What should you do at camp?

Movies are fine but as camp can be the same kids for several days or even weeks, you might not get away with a movie everyday. I’ve yet to find anyone who had the cojones to try and run a full-length Lord of the Rings movie camp.
I would suggest you keep the movies to less than 20% if you don’t want to ruffle any feathers with your school.

The other 80% should be as much fun as possible. The waygook website is a life-saver for this and you can find great ideas and materials to save your bacon at the 11th hour.
I ran some superhero themed camps last year and had the kids designing t-shirts, making hero masks and playing top trumps before watching The Avengers.

Another one was a detective themed camp where all the students were put in teams (aka: secret agencies).
They had to design posters with logos, spy names and secret passwords. Through three days of activities, they were trained as secret agents and learnt code-cracking skills and riddles. On the final day, they had to use these skills to find clues throughout the school and solve a mystery.

There really is no limit to what you could come up with here and although it’s a lot of work, you can be sure the kids will appreciate the fun and games.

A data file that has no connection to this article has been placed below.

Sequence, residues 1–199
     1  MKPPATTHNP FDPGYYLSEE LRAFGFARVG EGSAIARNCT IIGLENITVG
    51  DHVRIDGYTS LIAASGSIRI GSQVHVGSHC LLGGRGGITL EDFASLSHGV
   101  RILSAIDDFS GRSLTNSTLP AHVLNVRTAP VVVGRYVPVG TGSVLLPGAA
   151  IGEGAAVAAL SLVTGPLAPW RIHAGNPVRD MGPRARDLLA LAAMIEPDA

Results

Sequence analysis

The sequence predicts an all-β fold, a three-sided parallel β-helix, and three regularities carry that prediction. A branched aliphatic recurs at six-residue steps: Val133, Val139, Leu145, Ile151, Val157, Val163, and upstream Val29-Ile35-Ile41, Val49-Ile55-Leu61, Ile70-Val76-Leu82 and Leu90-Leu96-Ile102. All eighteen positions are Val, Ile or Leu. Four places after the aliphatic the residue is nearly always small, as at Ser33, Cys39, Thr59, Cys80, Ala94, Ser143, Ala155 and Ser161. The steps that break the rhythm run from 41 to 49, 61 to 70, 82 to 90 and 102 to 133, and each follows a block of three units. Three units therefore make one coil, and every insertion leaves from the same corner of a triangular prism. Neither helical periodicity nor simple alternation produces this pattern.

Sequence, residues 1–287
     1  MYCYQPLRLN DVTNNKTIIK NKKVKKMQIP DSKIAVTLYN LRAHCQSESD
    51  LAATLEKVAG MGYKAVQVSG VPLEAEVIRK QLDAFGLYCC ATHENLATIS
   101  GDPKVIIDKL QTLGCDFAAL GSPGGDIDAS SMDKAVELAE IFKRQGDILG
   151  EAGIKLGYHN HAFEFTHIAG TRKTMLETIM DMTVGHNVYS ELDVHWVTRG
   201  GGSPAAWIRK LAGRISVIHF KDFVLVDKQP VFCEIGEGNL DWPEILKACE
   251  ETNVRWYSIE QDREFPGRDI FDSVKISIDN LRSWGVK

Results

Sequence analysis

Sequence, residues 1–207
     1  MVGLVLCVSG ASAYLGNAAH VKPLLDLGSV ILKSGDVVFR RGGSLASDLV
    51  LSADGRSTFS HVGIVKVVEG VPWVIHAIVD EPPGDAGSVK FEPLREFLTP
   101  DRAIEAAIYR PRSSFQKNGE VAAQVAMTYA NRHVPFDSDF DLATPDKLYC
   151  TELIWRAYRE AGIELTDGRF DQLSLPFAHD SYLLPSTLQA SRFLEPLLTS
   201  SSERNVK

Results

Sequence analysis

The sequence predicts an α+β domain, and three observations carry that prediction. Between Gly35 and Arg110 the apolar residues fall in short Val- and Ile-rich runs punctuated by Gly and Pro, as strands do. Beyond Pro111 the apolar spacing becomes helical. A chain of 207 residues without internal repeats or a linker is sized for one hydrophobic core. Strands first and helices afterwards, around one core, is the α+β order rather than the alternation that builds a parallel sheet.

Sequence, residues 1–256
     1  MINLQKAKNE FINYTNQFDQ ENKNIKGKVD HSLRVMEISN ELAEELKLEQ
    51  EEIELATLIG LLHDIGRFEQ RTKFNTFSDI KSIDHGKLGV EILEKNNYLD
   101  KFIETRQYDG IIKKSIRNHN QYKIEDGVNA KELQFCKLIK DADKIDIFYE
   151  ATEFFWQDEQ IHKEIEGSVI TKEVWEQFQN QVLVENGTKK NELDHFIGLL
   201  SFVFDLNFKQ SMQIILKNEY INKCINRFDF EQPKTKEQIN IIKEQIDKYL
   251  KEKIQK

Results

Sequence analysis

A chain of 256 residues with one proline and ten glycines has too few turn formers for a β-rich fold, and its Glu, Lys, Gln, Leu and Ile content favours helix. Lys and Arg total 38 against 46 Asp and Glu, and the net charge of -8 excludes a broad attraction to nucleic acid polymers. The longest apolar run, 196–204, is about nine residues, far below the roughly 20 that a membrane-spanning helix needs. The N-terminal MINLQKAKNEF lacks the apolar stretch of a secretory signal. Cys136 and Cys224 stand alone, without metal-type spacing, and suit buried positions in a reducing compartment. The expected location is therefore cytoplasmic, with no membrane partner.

What if you have no camp? No class? No supplementary-joyful-linguistic-wisdom-imparting-sessions?

Then you, my friend, are one lucky son’ bitch.

That’s my personal opinion anyway, for you are in the polarizing zone known as desk-warming.
For the vacation period outside of your allotted personal days, anything that isn’t scheduled is a desk-warming day. Your duty is to show up to your main school during normal hours; let’s say 8.30am til 4.30pm.

If you have a classroom then you can use it. You’ll more than likely have it to yourself, all day, everyday. You will be one of the few skeleton staff in the building along with the big wigs and the admin staff. You may get free reign to wander to a restaurant at lunch or perhaps your school will invite you out to eat with them. Otherwise you’re largely left to your own devices.